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The Evening Journal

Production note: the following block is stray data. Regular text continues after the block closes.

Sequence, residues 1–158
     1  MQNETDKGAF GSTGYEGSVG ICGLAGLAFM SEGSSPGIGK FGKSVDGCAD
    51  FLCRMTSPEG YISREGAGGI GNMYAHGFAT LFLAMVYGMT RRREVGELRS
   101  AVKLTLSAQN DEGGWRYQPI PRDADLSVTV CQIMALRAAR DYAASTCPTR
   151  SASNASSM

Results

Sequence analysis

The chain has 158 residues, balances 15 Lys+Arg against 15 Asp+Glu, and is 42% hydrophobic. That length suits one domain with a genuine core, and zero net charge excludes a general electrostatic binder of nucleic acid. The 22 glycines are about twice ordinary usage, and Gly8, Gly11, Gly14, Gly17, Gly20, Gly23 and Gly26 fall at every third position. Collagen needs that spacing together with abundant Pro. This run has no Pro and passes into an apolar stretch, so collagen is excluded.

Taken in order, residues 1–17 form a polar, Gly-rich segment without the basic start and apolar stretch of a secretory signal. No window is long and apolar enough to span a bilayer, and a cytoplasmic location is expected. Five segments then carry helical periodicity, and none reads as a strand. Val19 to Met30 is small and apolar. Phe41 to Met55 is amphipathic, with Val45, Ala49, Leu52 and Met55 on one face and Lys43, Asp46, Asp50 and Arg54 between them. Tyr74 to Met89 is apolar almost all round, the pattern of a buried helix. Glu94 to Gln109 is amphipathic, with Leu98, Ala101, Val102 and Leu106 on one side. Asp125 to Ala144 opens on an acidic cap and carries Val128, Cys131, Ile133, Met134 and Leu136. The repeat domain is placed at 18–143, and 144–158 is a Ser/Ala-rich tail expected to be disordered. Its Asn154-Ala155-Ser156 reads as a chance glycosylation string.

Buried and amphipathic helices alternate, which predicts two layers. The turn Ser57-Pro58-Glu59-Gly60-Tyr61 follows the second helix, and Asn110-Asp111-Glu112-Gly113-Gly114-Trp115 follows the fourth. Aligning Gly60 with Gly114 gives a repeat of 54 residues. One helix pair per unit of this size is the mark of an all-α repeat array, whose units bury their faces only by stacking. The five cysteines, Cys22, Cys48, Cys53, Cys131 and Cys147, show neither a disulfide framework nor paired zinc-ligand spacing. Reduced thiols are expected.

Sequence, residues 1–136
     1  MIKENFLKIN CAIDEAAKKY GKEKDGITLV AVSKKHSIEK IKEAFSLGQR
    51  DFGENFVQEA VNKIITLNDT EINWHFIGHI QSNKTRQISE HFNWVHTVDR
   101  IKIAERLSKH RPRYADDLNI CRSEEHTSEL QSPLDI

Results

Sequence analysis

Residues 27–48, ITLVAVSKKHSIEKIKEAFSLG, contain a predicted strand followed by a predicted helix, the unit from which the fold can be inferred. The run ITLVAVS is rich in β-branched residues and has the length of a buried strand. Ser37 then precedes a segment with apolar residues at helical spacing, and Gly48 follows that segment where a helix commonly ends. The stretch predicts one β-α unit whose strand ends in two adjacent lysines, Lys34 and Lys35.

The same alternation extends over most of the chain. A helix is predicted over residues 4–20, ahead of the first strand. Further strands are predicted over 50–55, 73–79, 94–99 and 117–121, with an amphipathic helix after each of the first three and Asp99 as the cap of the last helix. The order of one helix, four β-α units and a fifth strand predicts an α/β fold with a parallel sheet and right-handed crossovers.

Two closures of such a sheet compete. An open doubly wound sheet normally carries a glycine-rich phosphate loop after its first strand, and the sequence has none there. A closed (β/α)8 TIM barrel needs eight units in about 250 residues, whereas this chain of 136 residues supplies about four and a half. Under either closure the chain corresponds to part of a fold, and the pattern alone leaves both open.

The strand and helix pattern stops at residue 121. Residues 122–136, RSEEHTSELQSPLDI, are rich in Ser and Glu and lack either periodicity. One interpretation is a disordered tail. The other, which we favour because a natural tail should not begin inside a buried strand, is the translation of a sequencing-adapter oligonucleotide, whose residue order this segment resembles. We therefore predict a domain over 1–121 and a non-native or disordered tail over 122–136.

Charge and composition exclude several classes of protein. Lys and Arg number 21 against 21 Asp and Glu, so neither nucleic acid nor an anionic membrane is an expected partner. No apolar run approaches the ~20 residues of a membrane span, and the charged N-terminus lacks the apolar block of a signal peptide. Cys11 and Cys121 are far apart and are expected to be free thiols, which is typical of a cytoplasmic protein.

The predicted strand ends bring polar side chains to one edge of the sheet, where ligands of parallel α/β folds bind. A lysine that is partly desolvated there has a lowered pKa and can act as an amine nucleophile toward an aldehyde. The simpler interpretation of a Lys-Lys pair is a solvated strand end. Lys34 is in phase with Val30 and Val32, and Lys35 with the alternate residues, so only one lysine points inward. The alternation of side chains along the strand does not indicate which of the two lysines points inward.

rrCNHED ?us MCODil-Clltl Wllmlugiou. Dal. at Entered at PontolBo* 1 V ' Republican Newipaptr, yufclî.hf*! dally «rary nf»«ra®oa. »xrant SaLdajr«. by ww THE X\ EMM) JOIHNAL PlBM^IIlNO COMPACT. Fourth and Shlple* WUmlttfton, Dnitwar# Btiloeaa O#«*#— Entra ne». \02 Weal Fourth «franc. n«w* [ ; t-.LICrUONCSl Tho Busin*»« Offlre. IMItoil«! an« Uioni* and Cl-eolation IVp«rtni*nt or bit nawapaner ctn be ïhcwi throufb his Privait Branch Bachaofa. Bel! phone* »-81-Ä-Ö A Nfw Tor» Offl«; CS4 fifth Avenu«, Ot£«go Offie» 123 South Mlchl««r Avon«». Tiijt KVBNIKO JOI KNAL ■!•«» lb« DliltoJ »Tv«« Sv lof, rvi'vlrvd In It» i>>tltortaI room», ovvr > vp«ol«, »Ir*. Chi« aewapaner I« on mil* rv»ul»rly at v*;ry no«» «t»nr'In tVllmlnittou and thr principal tonna In the Slat« of »•rv; also !n Broad Htre«i Station and T»vutf touith and • .'hostiiut Street Station, i'blladalpnla. Pa. Advertlatag ntM on application. No Attention paid to uDulguta rornmaolmtlont. THURSDAY, MARCH 18, 1920. AUTOCRACY MUST GO. rp IK world wide interest, the Delaware Interest, In X the change In the government of Germany lies in the - fact that everywhere It Is suspected of threatening the peace of the world.— The seizure of the reins of government by men who f belonged to the old imperialistic governing class was the first step In the Ill-starred effort to re-establish a govern ment of arbitrary power capable In the course of normal development of being able "secretly and of Its own choice to disturb the peace of the world." While the Uohcnzollerns were not apt to be called back to their palaces, the mere establishment of a hereditary monarchy and thus of a dynasty in Germany would be a cause of endless concern to Hie rest of the world. Just as the activity of the Bolshevists there is equally disturbing. This danger doubtless Is recognized by the French Before a hereditary Hid other European statesmen. monarch Is established or the Bolshevists get German control, there 1» quite apt to bo foreign Interference In the interna! affairs of Germany. A dynasty lives through generations. Its foreign policy carries on from father to son. against weaker nations for sclf Aggressiveness as fixement marks Its hlftory when its representa tives arc as forceful, ruthless and unmoral as the ruling if the late German Empire and of the late Aus housi's trian Empire proved themselves to be. ; On the other hand, an elected head of the Stale docs not necessarily Inherit or adopt foreign policies from his HQdccessor. The dangers Inherent in a self-perpclnatlng dynasty thu*- do not exist. is made evident by the Berlin revolt that Hie Gcr •ople still do not have the means of commanding of-lhe military authorities, and also dealing with Bolshevists. i man m the acquiescence that they have been too lax n f « n 8° as a * ,l1 ' ' ll *'° 1,1 esUl»l' , 'liliig thch form of government or submilllng to usurpers, pro own vided their acts do not threaten world peace. why President Wilson wants to make There's a reason the treaty an issue In the campaign. Knowing his party politically bankrupt, fearing to flglit the campaign out record of hi* administration, he would divert the of the public Into the more vague and distant field of International policies. Is on the attention SOLDIER SETTLERS. YEAR or so ago, this country was talking about do ing great things by Its brave soldiers In the way of Iding free lands for such of them as A wanted to settle prov down and farm It. You never hear anything about It any more. Incidentally, why is It # It's different over In Canada, that, when the English decide a thing Is good, they go ahead and do It? What's the matter with the, Angio blood In this country? In Canada, (hey promised lands to the re Saxon Well, over ... turning bovs who wanted them. Today, there are actually Canadian farms, and 15,02,1 Canadian soldier settlers on added to at the rate of about 1.000 lug the number Is a month, which Is as rapidly at as can be done, consider must be made habitable and reason 'd before the settler and bis family can Inc that the farm ably well equipp settle. Is It a good thing for Canada, this policy of passing out farms to all soldiers who apply? As a t instance, you might consider the success of the seventy-seven settlers established last year In the vicinity of Welaskiwln. Alberta. Tho seasons total crops for these seventy-seven soldiers were valued al *76,397. This is equal to an average production of *1.000 each, which Is mighty good In view of the fact that last year the majority of these settlers were established late. that under favorable conditions the annua' conservative Assumlng production should average *2,000, a very -tlmale. as these settlers arc given every opportunity m» good land well situated, some Idea of result hoped for many be had when It is already 15,023 soldiers settlers t' assistance to secure the ultimate realized that there are HBBB upon land. This number. If producing an average of *-.000 produce—food—would aggregate 130.046,000 worth of farm yearly. Exactlv why a Arm of New York lawyers should have the proceedings of the Paris conference and the President should hide them from the Senate and the American peo ple ts someth lug the average citizen will And hard to undersbmd. i JAPAN SUFFERING FROM SHANTUNG OUTRAGE. — X Is very evident from dispatches from both Japan * X and China, that Japan is sutfiering some of the nat ural adverse consequences of her acquisition of control of the Province of Shantung. expression of her displeasure and an attempt at retribution. China established a boycott against Japanese goods. • Wlille this boycott 1», of course, not complete, it is continuing and Increasing to « degree that Is becoming embarrassing to the merchants of Japan. r n is stated that many Japanese vessels that are going to China have cargoes so small that operating expense cannot be paid. That China is determined ia f her policy of punishment of Japan is Impressively demonstrated by the fact that when Japanese sailors are on shore leave In China, they And the Chinese merchants unwilling to accept their money in exchange for Chinese goods. A f' Jng that runs as deeply as this Is certain to bo lasting in Its influence. Naturally the United Slates is one of the beneficiaries of this attitude of China towards Japan. Chinese merchants find this one of the most conven ient markets In which to buy the supplies they would otherwise purchase from the Island Empire to the North. Although the representative of the United States at the Peace Conference gave his approval to the provision of Ui Ire'ity which accorded Shantung to Japan, Chinese sUU-vnen and business men recognize the fact that the American people disapprove that provision of the treaty and they prefer to deal with America rather than with the nation which willingly and deliberately «ought lo Uke control of a part of tlKlr territory. As an KILMM. 01.1) TYPHOID. T Is line new» that control of the «courage of typhoid bas reached such a saUsfactory point that the certain elimination of the disease from these United States Is In sight. I Since the opening of this century one city afte.r an other has taken up the attack on typhoid, until now there Is no city of any size which Is not campaigning against It through- the water supply and by means of sanitation. For several years past the Journal of the American Medical Association has presented an annual survey of typhoid mortality to the physicians of the country. The survey for 1919 Is now announced, and the figures are nothing less than amazing. The honors go to the cille» of Chicago, New York. Boston and Cleveland, In order. The average deaths from typhoid per 100,000 population for the period 1900-10 In Chicago were 15.8; In 1919 the average was 1.8. In New York, 1900-10, average deaths per 100,000 were 13 5; In 1919 the record stood 2. Boston reduced the mortality from 16 to 2.2 In 1919. Cleveland reduced from 15.7 to 21 In 1919. There are other cities where the mortalities arc as low or even lower for example, Spokane, without a single death—but the honor cities have very large populations, with great numbers coming in and going out every day, making control of any disease ditllcult. In Chicago the value of the great engineering work Of turning sewage away from Cake Michigan Is beginning to tell. The drinking water of Chicago Is today probably the purest of any city in the world. In Cleveland the great results arc mostly due to water tiltration and lib eral use of chloride of lime. There are some interesting exhibits from other cities. Ten years ago the average typhoid mortality in Columbus, 0„ per 109,000 was 40. In 1919 It was 3. Louisville. Ky., was 52.7; now 11.2. Pittsburg was 65, but Pittsburg has cleaned It down to 6.2. Scranton, Pa., was 31.5, but Is now next to Chicago with only 1.3. The worst place in 1919 was Memphis with 58.i, an Increase of 23.1 over ten I years ago. Not only has Attorney-General Palmer failed to reduce prlee«, but now an in\e»tigallon will bo made of the charge that bis action In regard to the Louisiana crop has ■oosted sugar prices all over the country. "ASK VOUIl WIFE." OT knowing whether to sign for 1920 at the salary offered him, Helnle Oroh, renowned tilled baseman of the world-champion Bed», consulted with his wife, as he freely- admits "Aren't we parlm o" says Grob. "Don t we share out of the game old pocketbookî I want my wife to be In terested In my business affairs. Who better than a wife knows what's good for a fellow?" You said a mouthful, Helnle, as the boys in the bleach ers would says. In fact, the wisdom of Groh Is like that of the whole some philosopher. Benjamin Franklin, who, describing the early years of his married life, wçolo thus In his auto biography: "We have an English proverb that says: would thrive must ask Ids wife.' that 1 hud one as much disposed to Industry and frugality as myself. She assisted me cheerfully In my business." Only once, says Franklin, did he have fault to And with hl« partner's Judgment. That was on an occasion When, "without tils knowledge." she bought him a China bowl and sliver spoon "costing the enormous sum of three and twenty shillings." And how about your wife, Mr. Reader? Is she an active or silent partner In your affairs? Y'our business Is her business, but how much does she know of It? The ballplayer, like the philosopher, points the way to successful matrimony. It Is a smooth, wide road open N 'Ho Hiat It was lucky for mo to all. "He that would thrive must ask his wife." Franklin and so says Groh. So said The President's secrecy about the negotiations at Paris and about the Harboard report on Turkey Is not only an offense against the Senate, but a gross injustice to the whole American people. COLLEGE LABOR P BOB LEMS WILL BE SOLA El) BA WOMEN. C AREFULLY' trained women will sslve the great labor disputes of the country In the future. In the, opinion of Dr. Felix Adler, of the Ethical Culture Society, in com menting on the Bryn Mawr College 82,000.000 endowment to increase salaries of professors. "I can see the day coming when properly trained will settle labor disputes," ho said, "because they gel to the bottom of the trouble better than can appreciate the emotional reasons and women can men. They can sense a reason for any action where a man would insist upon evidence. I believe that In the coming generation of women lies the hope of solving tho great labor problems of the country." Dr. Adler asserts that "feminine Intuition must .be fortified with education. This must bo adequate ami powerful before It can be of real value to the Stale. To this end the service of a women's college Is of the greal est value. "It Is essential that everything be done for the young of today, and one of the greatest needs Is higher women salaries for professors. Without wpll-tralncd professors In tho colleges, the education of women will weaken. That is a strange brand of Americanism which refuses to make It absolutely certain that America Insists on controlling her own domestic policies and Insuring the Monroo Doctrine against violation. Charles Kaiser, the Valievue Farm egg magnate, came out of his "burrow" on Monday last after being "ma rooned" for more than two weeks due to the heavy snowfall, and with the aid of an experienced fanner with j sleigh and dependable horse negotiated a safe passage to j White Plains, where he disposed of several hundred eggs | to advantage.—North Castle Sun. ... With the Paragraphen Dazzling as was the recent exploit of Major Schroeder. It may be suggested without unfairness*!« that intrepid airman that Hie cost of living continues to hold the alti tude record.—Orleans Times-Pleayune. New York has spent *23,000.000 shoveling snow this winter and still has six hundred miles of streets un cleared. It almost seems worth considering whether It wouldn't be cheaper to move New A'ork to a milder climate.—Kansas City Star. Gems of Thought Fortunate is the man who doesn't even get lame when he has an occasion to side-step temptation. It Is true that the man who Invented the gold brick Is dead, but a new purchaser Is bom every minute. Every man may have his price, but then It differs greatly from what his neighbors think he is worth. A man may thinks he has extraordinary business ability If he succeeds In acquiring a rich son-in-law. One of the queer things about a man, Is the way he thinks It Is Impossible for any woman not to admire him. The human rar« is divided Into two equal classes— those who go ahead and do something, and those who sit still and Inquire.—AMiy wasn't It done the other way? AUEN PUPILS TO Folk Dances Also To Be Feature of American Schools' Commencement kJ STUDENTS TO DELIVER PATRIOTIC ADDRESSES A rare treat Is promised the audience which attends the commencement cxer- j rises 0 fthe 450 pupils of the Amerl- [ canlzalloi) schools, which will be held in Ihe High School auditorium next Thursday night. In addition to addresses written by the pupils and delivered by 1 tbe pupils, there will be folk dances folk snnax and other features of enter talnment rich In colorful effects 1 ThU folk songs and dances will be glven by the pupils in native costume of the countries liey have left to be conic Americans. Some of these cos-j tumes wore brought by their owners to this country, or sent to them by rela- i lives or Mends abroad, or are now' being made by them. Nor will there be any lack In variety, for there will bel Italian, Russian, Jewish, Polish, AI saee-Lorrainian, Portuguese, Spanish, and Ukranian nationalities represented. I A number of girls, natives of Alsace- | Lorraine in particular, will present a 1 folk dance In the quaint and plctur-: osque costume of that country, now! once more a part of France ns a result) of -the late war. They have been re- i hearsing steadily for their number and ' (hose who have seen them declare their dance alone will be worth going to the , High School auditorium nexl Thurs-.rum day night to see. The entire program for the evening: has been arranged by tic pupils of thei Amerlcanzation schools themselves and 1 the speakers have been chosen from among their own number. Here is one speech as submitted to his teacher byl a pupil in No. 1 school. This man. Cnnroda Uueca, tins hern a m Jar attendant at the ... - ho has had I.me «II the way from Carney's Point nightly to do si regu-ithe •n. il Biiceo has had only on« year s study In j Engllsh, but bus progressed so far as to have ... chosen to speak publicly., Ills address breathe» « spirit of true loyally to the United Slates. Her il is. evaclly as he ha swritlen It: "I live in Ibis country from 1911 and j I thinking of the United States had flown for me and for all the eurnpen peopole, first they give the opportunity to all foreigners peopole to attended In night school, so learn tn write and rid English, so ran be eome a citizen of the United Slales-'that Is a beautiful Iliint tn me Wiev bain me every Hunk to nn Tiny naip me e'ery weare, so 1 want be good myself to Hie best I can. to hnlp all Ihe Brother li oibl amt nl-itre the flag of the United " 1111(1 "f" 1 p |n(rft "" 01 u,( Slates, and halp 'that flag every weare Amerlcanzatton schools will be given certificate testifying to tbolr work as j „In.lent. it IB „1-inno.l In Inve n dla Students. U Is planned to riavo a QIS lingulslled citizens present the ceptltl cates anil announcement of tils namo|"f will 11. in Ido Within 1 few ilavs \il-i . e u . m K „.I*., mission to the exercises will be entirely free and open to the public. and for ever." Each one of the 450 pupils of the ! ,. ... ... \\ \NI riNSIlAN AS HI UAL COP. Friends of Detective "Bill'' Tinsman, of liicti ir.lB.in Dark will urge bis an of Hienartteon la», win mge nis ap - pointment as rural policeman for that section, by the New Castle County Bmvee.l rntmtahlcl Lety Court. 10 succeed t.onsiaDie I George Whittington, whose term ex-| plu s next l m sdaj. Tinsman formerly held 111'- Job an<Df was succeeded by Whittington. : I MASK AND AA It. BOOKED. The University of Pennsylvania Mask ami Wig Club will present its annual production at (lie Playhouse, May 5, af ternoon and night. )) PREVENTS "FLU BETTER THAN CHEAP TONIC Well-Known Camden "Cop' Tells Why He Praises Earle's Hypo-Cod KEPT HIS BOY FROM SICKNESS "I've seen with my own eyes that this new Ionic, Earle's Hypo-Cod, will do for a person almost down with the "Flu" or Grippe, and I know what It will do. It does all they claim for it and lias a lot more merit Ilian cheap, ordinary medic'nes," declared Walter J. Staunton, who for years lias been known around Camden aud Phllly— llrst in organized baseball and for the past 13 years with the Camden police force. "My son caught a bad cold. He started sneezing constantly, and we were afraid bo wag going to catch the Flu.' He was continually blowing his: nose and his eyes were red and wat cry and you could see tie was all stuf fed up. He was off his feed and didn't ; eat good and was so nervous he couldn't hold still in a chair. He laid off from work ami lucky for him a Wend recommended Earle's Hypo-Cod. it cured his cough right op. It was startling how quickly it, did the work. In a few days you couldn't tell he ever had a cold and il sure knocked those Ffu' symptoms higher than a kile. His ap petite, '» line now and his nerves are good, so he has gone back to work, and we all see a big difference in him. It builds folks up all right," continued Officer Staunton, 618 So. 3rd Street, Camden, N. J. Sickness attacks people who are run down, weak, nervous, and tho first thing to do is to get, Ihe newest, latest, most up-to-date tonic and build your- ; self up Increase your disease-resisting power so your system, lungs and blood can ward off contagion. It's particular ly wise to lake'a spring tonic, for dan gers lurk everywhere at this season. Try a bqttle tonight. Earle's Hypo-Cod Is sold here by Eck erd's Medicine Store, 508 Market St., and the leading druggists In all nearby towns Price *1.25, plus 5c war tax. IWHEN IS A STILL NOT A STILL? • Parallel To "How Old Is Ann?" Now Agitating Pro hibition Officers PARTS OF A STILL NOT A STILL, ONE RULING The old problem, ''What Is whiskey " which baffled even the endeavors of so legal a mind as former President William Howard Taft, ha» given way to « new one, 'When is a still not a «Till ?*• The new problem just now Is agltat ,n K ,hl ' minds of prohibition directors throughout Ihe country, Including W. Truxton Boyce, who has the job of 'suppressing Illicit trafllo In Intoxfcal in K liquors in Delaware. ''Life js just " nc <lr y question after another," said Mr - Boyce, softly, today, when con fronted with this newest parallel to 'How old Is Ann?" The poser "When is a aUHT" intruded Hse.If yesterday afternoon at a hearing 1,pfü, 'e United States Commissioner Malloy, In Philadelphia. But while It *' as n °t yet reached the stage of a commissioner's hearing in Wilmlng loo. it is likely to do so al almost any time. Henry Knollman was arraigned be fore Commissioner Manley for a third Hme to explain his possession of a col lection of articles which Prohlblloh agents testified they found in his home, ood which, they contended, constituted parts of a still for manufacture of used for olher than anointing the hair. In spite of the contentions of the agents, the Commissioner was not sat isfied that a still is a still when It Is not assembled, or rather that a still Is (not a still until it Is proven to be a dill. So be gave Ihe Prlhlbitlon agents located evidence of what to all intents still further opportunity to look up law on stills. Recently the local Prohibition office and purposes gave every purport of a still having been operated In a nelgb borhood near Wilmington. Yet. while ibcre were all Ihe Ingredients present necessary to the fermentation and dis Persons suffering from catarrhal deaf D *"*V or wl *o are growing bard of hearing al)l j (lavo hca(1 Iloiaes w ||j b( , ,,| ai) , 0 |, no , v that thia ill«iresaiiig uftUetlon ran usually be auccragfully treated at home by an In *''rnal medlclno that In many instanrea '|hna effected complete relief after other (treatments have failed. Sufferers who could scarcely hear have bad their hear lug restored to such an extent that the tick of a watch was plainly audible acven eight Inches away from either ear. Therefore, If you know of someone who Is troubled with head noises or catarrhal raflle s., cut out this formula and hand It to them and you may have been the means saving some poor sufferer perhaps from ,0,nl fleafnes» The prescription can be prepared at home and U made as follows: secure from your druggist i ox. Par mint (Double Strength.) Take this home| and add tn It M pint of hot water aud a (little granulated sugar: stir until dis solved. Take one tablesponnful fonr times a day. I'«™ 1 »* Ih t* 8 ««! In this way not only to hy tonir , ct i„ n , fh) . inflammation, (and swelling In the Eustachian Tubes, and j'hus to equalize the air pressure on the rtrum - bnt to correct any excess of secre |„ ns j n t (,e middle ear, and the results it gives are nearly always quick and ef Every person who has catarrh in auy ()rin o r distressing rumbling, hissing sound» In their ears, should give thi» re elpe a trial. To Relieve Catarrh, Catarrhal Deafness and Head Noises [l] ■A IJ it r ' Ml 1 I Tomorrow's The Last Day big Carload Lot rapidly dwindling. The women of this locality have certainly " appreciated ' SALE of Universal Combination Ranges. Our stock is Tomorrow the SALE ends. But there's time yet- Come today! See us demonstrate our MV D L COMBINATION RANGES fuel you wish! A perfect coal range a perfect g' «ange Bums Gas, Coal, Wood with all the good points of either type and the limitations of neither! ny To change fuels All You Do Is Turn a Key M/TOHAT»C ■ • I — - . , jwMw 1 1: No parts to change. No other range equals it in Simplicity, in Ease and Economy of Operation. AS*** I £3: s •r*a and XV*. • c own« À «y jg t rajä) Keep Kitchens Comfortable the Year Around r roL-R ay*»» fomY __ L ^ GOAL AN» .VOOO J I r*". oo °* \ Enables you to use Coal in Win ter, C«as in Summer. Bum both together if you wish. Fuel, labor, trouble, materials, all saved — all-waps! Sanitary Porcelain Enamel Finish makes it both beautiful and beautifully easy to keep clean. Many other supe Note a few at the right come and see demonstration. 7 ; V 'f Aurc a L| t ■ • if? r \<0U riorities. ivsrwSfr.« IMOlViOWAA.LV ' I ben OB tert M «OMCM inc< See Our Cemcnstration J. L. PERKINS 912 ORANGE STREET PHONE 2714. \ \' HI SUING HEP AIR AAOHK. ! County Engineer Charles E. I says that the county Is getting ahead j well with the repair work on the river bank between Port Penn and Delaware City. The Umber work so far placed, ho says, has withstood the Impact of I recent storms successfully. I t has pre l vented a great deal of water from com 1 lug in. The road In some low tides Is prpach of better weather, said the en "rhTmmtjMook " v ° e r r k ^XnT^a conTtruc tiou Company, which could not keep up with the work, according to their con tract specifications. Grubb DANGERS OF EXPOSURE. Severe weather condition« may be o'er come If you take Father John« Medicine to keep well and etroug.—Adv. Dilation of a liquid with a hilarious kick, nevertheless a most careful search failed to reveal a still itself. So the local agents are still making a still hunt for Ihe still. u OH BUNION MY CALLOUS 'S£0RN VxfM î î SOFT CORN HARP CORN '• x*£ End The Torture From Corns, Callouses, Bunions With CORN FIX Sit right down and use a h* drops of Corn "Fix!" In IS min ute» that stubborn corn or callous ■which has caused you so much agony will be gone absolutely. If you will just follow the slmplo directions. Can you beat that for quick ac tion? Corn "Fix" contains no ether, collodion or salyclllc add— nothing to eat the good flesh and make the foot »ore. Tou don t have to soak or "cook" the feet night after night. It'S all over tn • few minutes! There Is no mystery about Corn "Fix." It's a sensible remedy that works—that's alt. If your dealer cannot supply you send ua S5o. In ■tamps and we will mall you » bottle direct. Itcoing, burning, tired, swollen, aching or perspiring feet, use Corn "Fix" Foot Bath Tab lets. HO tablets for 25c. Your money back If either falls to help you. Corn Fix Co., Inc., Newark, N. J. c or Text Book of Wall Street 1920 Edition Free A 40-page booklet (copyrighted) discussing clearly and unmis takably rules governing stock market transactions. Methods of Trading, Commission Rates, How to Open an Account, Augmenting One's Income, Deposit Requirements for Carrying Stocks on Account, Dic tionary of Wall Street and many other subjects of interest to investors and stock traders. Edition limited. Write or call for pour copy of once. McCALL & RILEY CO., Inc. SBCTRITIEg 1420 Walnut Street, Philadelphia XT.W YORK Direct Privat« Wirr. HARKIS HC RU After the Flu or Pneumonia > j take CHASCO-VIN The Tasteless Cod Liver-Iron and Hypophosphites Compound it $ Brings Back Strength, Aids the Appetite, Increases the Weight. Sold only by Eckcrd's Cut Rato Medicine Store. 508 Market St. ; Miller's Drug Store, 406 Market streut. Rollicking Stories of the West B. M. BOWER A STARR 1 or IHE DESERT & r V ; y Tut M'-'* thmy arts SK YRIDER CHIP OF THE FLYWG-U FLYING-U RANCH FI.YING-U'S LAST STAND THC RANGE DWELLERS HER PRAIRIE KNIGHT LURE OF THE DIM TRARA THE LOOKOUT MAN THE LONESOME TRAIL THE LONG SHADOW THE HAPPY FAMILY > * GOOD INDIAN THE UPHILL CLIMB THE GRINGOS THE PHANTOM HERD HERITAGE OF THE SIOUX' STARR OF THE DESERT r 85 cents a copy »NO. The Store of Courteous At tention. 421 Market Street Phones 8268, 8269.